HP buying Palm is like Ke$ha marrying John McCain

Exactly, what do they have in common? HP-Palm is a merger of necessity. HP needs to jumpstart (for the umpteenth time) its mobile strategy and Palm needs to be bought by anybody or perhaps die. Hey, there is anybody and then there's anybody else would be better. In a parallel universe the situation is different. HP is doing what I said Microsoft should: Buy Palm, and what a steal HP is getting for $1.2 billion.

Perhaps I'm missing something about things in common. While I was writing this post, Walter Lounsbery tweeted to me: "HP and Palm both share that has-been entrepreneurial spirit." Ouch! Get the Neosporin! And a Band-Aid! Alex Scoble poured salt on the wound. In a response to me at FriendFeed: "They both sell mobile devices...just no one knows that HP sells mobile devices." Whoa, put away that baseball bat, Alex!

Adam Hall sees the glass as being half full (as opposed to my half-empty -- OK, nearly empty -- perspective). He tweeted: "Isn't it what Palm and HP don't have in common that makes this interesting? I see potential, but can they realize it?" HP must realize something to plunk down $1.2 billion. Hey, there is one more thing in common. Mark Kéy-Balchin tweeted: "Interestingly enough, the other thing they share in common is Tom Bradley, former CEO of Palm and current VP of HP's PC group."

When I think HP, enterprise comes to mind. When I think Palm -- at least its latest post-PDA life -- I think consumer. HP: Stodgy handheld/phone design reminiscent of my college roommate's first calculator. Can you say black and grey? Palm: Curvy, round smartphone that reminds of a Sephora make-up compact. HP: Builds the hardware, licenses the software from Microsoft. Palm: Delightfully designs hardware and software. Ultimately, I worry that craggy old business-oriented HP will suck all the vitality out of the fresh, new Palm -- at least as run (or run into the ground) -- by Jon Rubinstein. Think: lifeforce-sucking Wraiths from cancelled TV series Stargate Atlantis."

Yes, HP sells to consumers, and, I must admit, does a good job marketing to them. The Palm PDA once was an enterprise mainstay of 1990s business users. Maybe Hall is right and these differences mean something. Certainly they mean the end of Palm as everyone knows it. Look what happened when HP gobbled up Compaq, which was a huge brand at the time. Now Compaq is the name HP sticks on its cheapest-selling notebooks and keeps around because in some dark corner of the IT world there are people desperately clinging to the Compaq name. Say, it's the 21st Century, dude. You can let go and move on now.

It's not rocket science to see why HP would want a Palm merger. The smartphone market is so smoking everyone wants a whiff. Late last year, IDC rightly predicted that major PC manufacturers would move aggressively into the smartphone market this year. Well, Dell has cued up Flash, Smoke and Thunder -- names evocative of the smoking smartphone market and the PC manufacturer's determination to scorch it. HP has chosen to buy rather than build. The smartphone and other mobiles are destined to replace the PC as the dominate Web-connected device, by 2015, according to Morgan Stanley. I believe. Do you?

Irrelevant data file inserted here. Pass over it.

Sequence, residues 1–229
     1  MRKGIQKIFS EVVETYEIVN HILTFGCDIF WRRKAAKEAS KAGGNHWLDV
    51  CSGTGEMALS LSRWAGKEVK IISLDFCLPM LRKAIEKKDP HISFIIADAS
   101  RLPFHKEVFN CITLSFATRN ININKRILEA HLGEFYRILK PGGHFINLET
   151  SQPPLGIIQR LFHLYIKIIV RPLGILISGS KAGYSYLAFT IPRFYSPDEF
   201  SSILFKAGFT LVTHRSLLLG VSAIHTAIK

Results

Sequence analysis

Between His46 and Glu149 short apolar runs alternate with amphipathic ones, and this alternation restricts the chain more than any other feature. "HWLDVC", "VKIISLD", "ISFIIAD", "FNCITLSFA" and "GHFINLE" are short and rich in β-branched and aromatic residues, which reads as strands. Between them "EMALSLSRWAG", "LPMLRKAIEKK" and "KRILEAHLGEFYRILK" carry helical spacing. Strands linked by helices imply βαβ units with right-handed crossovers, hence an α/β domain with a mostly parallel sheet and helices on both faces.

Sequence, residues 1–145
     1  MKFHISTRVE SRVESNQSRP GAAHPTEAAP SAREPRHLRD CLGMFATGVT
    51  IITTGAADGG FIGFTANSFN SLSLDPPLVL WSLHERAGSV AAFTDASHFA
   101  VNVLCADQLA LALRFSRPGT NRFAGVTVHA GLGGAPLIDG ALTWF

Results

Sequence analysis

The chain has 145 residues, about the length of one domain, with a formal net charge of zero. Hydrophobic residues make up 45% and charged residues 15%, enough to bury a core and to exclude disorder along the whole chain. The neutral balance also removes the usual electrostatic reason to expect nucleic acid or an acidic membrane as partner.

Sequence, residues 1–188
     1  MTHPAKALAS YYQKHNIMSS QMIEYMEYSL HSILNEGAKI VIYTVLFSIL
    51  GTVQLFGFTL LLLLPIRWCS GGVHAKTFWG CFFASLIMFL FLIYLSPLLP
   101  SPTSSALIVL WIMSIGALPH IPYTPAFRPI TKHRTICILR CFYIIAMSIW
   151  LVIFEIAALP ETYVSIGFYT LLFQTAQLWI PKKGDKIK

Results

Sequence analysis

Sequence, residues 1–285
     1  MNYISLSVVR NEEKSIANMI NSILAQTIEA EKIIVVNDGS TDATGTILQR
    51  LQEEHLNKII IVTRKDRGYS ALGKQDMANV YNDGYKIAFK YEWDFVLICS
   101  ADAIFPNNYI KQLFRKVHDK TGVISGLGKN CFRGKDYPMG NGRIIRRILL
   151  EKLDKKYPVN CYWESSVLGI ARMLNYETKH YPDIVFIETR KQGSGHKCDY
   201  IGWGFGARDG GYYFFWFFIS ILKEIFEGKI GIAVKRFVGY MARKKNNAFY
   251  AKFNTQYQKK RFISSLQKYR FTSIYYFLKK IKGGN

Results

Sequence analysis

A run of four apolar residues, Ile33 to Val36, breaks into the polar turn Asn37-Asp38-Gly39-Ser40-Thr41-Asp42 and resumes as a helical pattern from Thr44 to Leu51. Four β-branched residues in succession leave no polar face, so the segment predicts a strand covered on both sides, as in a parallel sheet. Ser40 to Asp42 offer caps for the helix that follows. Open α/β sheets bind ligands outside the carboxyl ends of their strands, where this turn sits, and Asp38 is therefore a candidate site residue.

Anyone thinking HP can do much right by Palm should look no further than the waylaid Compaq brand, current HP PDA/phone lineup or disastrous iPod distribution deal. What? You don't remember that HP once sold iPod, right alongside Apple? Your memory answers just how badly it went (You can be sure Apple CEO Steve Jobs wishes everyone would forget that deal). I've read absolutely nothing about the HP-Palm shotgun merger other than the press release, so I wouldn't be influenced by anybody else's thinking. But I expect to read lots of punditry about how much Palm handsets and software will benefit from HP's huge retail channel. Oh, yeah? It did diddly squat for iPod. Apple had to build out its own channel.

HP is a great technology company, as is Palm. HP needs to jumpstart its handset strategy, and Palm needs a white knight. In fairytales, the princess must kiss a frog for him to become her prince, her white knight. In fairytale mergers, the princess' kiss turns one -- or both -- into a frog.

[Editor's Note: For closeted, out-of-touch geeks, here is the relief from your confusion. Ke$ha is a hugely successful, 23-year-old party-girl rock star. John McCain is a 73-year-old, war hero and US Senator who ran for president in 2008.]

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